Friday, May 23, 2008

Milli Vanilli And DeBarge: Tragic Mulattos?

Lately, it seems those of black and white mixed-race heritages have taken to calling themselves mulattos. In the past, the term was considered derogatory but there's been a radical revival in the black/white community to identify themselves as such. At one time, mulatto was thought to be derived from the Spanish word for mule, or a half-bred animal. Today, mulattos point to the Arabic muwallad, which means "mixed-race person", as the source of their definition for the word. In any case, it isn't for me to decide what that group wants to call itself. I'm more curious about the term "tragic mulatto" which refers to mixed black/white people who are thought to lead horrific lives because they are never quite black enough to be black, or white enough to be white.

So, the question that begs an answer is this: Are mulatto lives any more tragic than other mixed-race people's? It seems that if one is the biracial offspring of two minorities, hope (as it were) is not as high for finding acceptance among the dominant majority. Therefore, your expectations are lower and you're not as devastated when whites don't accept you. But if you have one white parent, you might feel you deserve to be recognized by half your race which could, arguably, lead to tragic consequences.

While I was working on a tedious homework assignment today, I just had to go there. You know where...to YouTube! Telling myself that I'd just listen to one or two songs and not even look at the videos, I found myself peeping at the "tragic mulattos" Milli Vanilli and DeBarge. Wow. Here were two very talented musical groups that experienced untold tragedy. Both were hot in the 1980's with major hit records, and while one was a family composed of mulattos, the other was a duo with a mulatto member. The DeBarges were several brothers and a sister who had a white father and a black mother. The oldest, Bobby, had a voice like silk and his group, Switch, scored with tunes like I Call Your Name. Later on, the DeBarge's featured youngest brother El, whose incredible chops was the cause for some women (and men) becoming pregnant according to the comments left on YouTube. While I haven't done any extensive research into the DeBarge family, I do know that brother Chico ended up in prison, brother James married Janet Jackson who later had the nuptials annulled, and gorgeous brother Bobby ended up dying of AIDS at a young age. As for Milli Vanilla, everyone probably knows that they won a Grammy they had to return after it was revealed the voices on their records were not theirs. The two fine young thangs wore dreadlocks wrapped in gypsy-style scarves, gold earrings, incredibly tight pants and long, wide-shoulder coats. Evidently, their singing wasn't as hot as their bodies so their record company cut them a deal...until they were outed in disgrace. Tragically, the German and black member of the duo ended up overdosing on drugs.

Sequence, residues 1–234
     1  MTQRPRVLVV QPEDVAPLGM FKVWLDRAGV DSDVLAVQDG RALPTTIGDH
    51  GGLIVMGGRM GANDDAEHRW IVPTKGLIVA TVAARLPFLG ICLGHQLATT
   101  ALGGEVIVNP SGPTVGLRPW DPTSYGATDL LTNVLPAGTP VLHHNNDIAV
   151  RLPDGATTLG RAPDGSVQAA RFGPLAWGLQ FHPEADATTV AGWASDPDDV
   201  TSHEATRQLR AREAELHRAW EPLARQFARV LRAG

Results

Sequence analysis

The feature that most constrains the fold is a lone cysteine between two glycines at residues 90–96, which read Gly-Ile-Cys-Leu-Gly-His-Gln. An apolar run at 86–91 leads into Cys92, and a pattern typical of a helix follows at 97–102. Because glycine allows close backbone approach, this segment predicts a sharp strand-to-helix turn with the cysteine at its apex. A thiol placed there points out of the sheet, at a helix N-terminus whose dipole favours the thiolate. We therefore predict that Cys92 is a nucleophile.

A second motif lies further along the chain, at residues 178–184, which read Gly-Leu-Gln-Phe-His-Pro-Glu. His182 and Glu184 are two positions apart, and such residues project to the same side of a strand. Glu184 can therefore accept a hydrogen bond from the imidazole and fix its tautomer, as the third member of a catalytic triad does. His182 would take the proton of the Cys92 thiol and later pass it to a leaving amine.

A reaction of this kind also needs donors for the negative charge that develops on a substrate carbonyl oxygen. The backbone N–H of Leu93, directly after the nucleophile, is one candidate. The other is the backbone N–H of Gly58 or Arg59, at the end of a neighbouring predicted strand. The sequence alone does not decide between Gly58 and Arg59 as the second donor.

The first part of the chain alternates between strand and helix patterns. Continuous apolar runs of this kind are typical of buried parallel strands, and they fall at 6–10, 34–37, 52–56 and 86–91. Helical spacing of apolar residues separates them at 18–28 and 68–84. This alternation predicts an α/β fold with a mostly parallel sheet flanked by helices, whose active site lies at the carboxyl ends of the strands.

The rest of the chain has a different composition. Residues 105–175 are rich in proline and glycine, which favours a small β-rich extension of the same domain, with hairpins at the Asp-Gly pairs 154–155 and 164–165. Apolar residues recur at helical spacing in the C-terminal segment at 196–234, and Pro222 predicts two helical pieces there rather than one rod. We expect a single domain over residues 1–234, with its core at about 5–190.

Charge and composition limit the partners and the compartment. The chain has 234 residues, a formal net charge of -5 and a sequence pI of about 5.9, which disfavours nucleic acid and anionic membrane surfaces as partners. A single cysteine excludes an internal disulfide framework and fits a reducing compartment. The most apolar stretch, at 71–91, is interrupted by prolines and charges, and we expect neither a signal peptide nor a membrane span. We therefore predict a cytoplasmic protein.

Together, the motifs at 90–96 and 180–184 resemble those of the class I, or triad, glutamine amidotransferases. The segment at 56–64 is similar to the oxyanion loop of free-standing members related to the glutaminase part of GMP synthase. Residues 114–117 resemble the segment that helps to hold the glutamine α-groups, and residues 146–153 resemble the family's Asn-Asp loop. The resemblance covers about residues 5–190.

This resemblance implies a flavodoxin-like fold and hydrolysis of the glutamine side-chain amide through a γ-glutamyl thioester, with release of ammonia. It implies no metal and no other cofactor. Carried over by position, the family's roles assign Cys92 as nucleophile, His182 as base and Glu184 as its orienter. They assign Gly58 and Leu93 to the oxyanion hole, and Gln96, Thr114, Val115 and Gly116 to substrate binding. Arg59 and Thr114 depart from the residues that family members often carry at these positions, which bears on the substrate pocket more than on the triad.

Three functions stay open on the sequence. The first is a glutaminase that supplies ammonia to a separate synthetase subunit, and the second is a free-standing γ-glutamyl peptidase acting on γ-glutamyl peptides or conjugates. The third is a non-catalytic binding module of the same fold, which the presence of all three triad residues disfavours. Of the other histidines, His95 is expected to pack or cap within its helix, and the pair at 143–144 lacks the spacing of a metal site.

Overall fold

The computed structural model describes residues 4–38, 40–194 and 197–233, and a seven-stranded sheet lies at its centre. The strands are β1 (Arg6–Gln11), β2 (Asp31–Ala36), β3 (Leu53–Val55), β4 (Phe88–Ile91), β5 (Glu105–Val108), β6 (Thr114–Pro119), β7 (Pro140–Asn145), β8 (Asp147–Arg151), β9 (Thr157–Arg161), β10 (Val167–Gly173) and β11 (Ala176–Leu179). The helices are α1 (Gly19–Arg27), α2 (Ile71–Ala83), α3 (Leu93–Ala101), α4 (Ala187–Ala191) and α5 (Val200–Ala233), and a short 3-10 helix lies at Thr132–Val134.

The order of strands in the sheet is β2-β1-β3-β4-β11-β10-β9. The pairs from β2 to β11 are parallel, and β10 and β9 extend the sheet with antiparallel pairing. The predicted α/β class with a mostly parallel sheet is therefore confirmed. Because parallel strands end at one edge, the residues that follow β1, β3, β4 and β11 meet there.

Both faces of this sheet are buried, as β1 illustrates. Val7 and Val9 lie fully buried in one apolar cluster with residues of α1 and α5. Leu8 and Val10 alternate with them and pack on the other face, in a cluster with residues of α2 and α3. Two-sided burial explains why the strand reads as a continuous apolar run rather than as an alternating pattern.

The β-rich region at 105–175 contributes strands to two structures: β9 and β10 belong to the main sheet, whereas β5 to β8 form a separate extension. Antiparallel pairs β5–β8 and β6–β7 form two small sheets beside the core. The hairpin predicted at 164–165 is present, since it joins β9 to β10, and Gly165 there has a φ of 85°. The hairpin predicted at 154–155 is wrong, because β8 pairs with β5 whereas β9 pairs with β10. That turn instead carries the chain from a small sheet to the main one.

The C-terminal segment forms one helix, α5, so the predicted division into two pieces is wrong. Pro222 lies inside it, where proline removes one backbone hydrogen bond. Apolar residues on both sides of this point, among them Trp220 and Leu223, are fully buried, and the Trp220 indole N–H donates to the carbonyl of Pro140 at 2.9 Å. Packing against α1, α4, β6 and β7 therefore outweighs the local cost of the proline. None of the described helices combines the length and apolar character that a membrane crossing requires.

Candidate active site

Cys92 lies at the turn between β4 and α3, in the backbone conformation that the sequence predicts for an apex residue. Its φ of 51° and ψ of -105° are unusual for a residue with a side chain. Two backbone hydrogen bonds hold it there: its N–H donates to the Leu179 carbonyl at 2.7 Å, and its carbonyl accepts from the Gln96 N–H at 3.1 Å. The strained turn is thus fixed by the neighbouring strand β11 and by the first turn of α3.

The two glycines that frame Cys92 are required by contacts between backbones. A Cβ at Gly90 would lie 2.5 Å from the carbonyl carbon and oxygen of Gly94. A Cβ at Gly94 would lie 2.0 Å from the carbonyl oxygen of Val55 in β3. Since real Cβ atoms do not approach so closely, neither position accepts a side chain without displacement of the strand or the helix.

Is it just a musician thang? Everyone knows how crazy their lives are. Or, were Milli Vanilli and DeBarge impacted by their mulatto heritages?

Talk to me. (Incidentally, that was Chico DeBarge's big hit.)

Oh, yeah. That's me above in the late 1980's looking like I could've been a member of DeBarge, or, Milli Vanilli for that matter.

Your Hip Hapa,
Yayoi

2 comments:

mixie said...

I guess it is a musician thing - but then again, one of the only fields where blacks/mixed folks have been undisputable leaders in and 'allowed' (by managers and big business) to succeed has been sport ..... and music.

Not a tragic mulatto thing, but very very tragic. I really feel for DeBarge and Milli Vanilli.

Kahlil Crawford said...

Sundee Frazier once wrote that black-white intermarriage is "the lightening rod" of mixrace issues..I concur..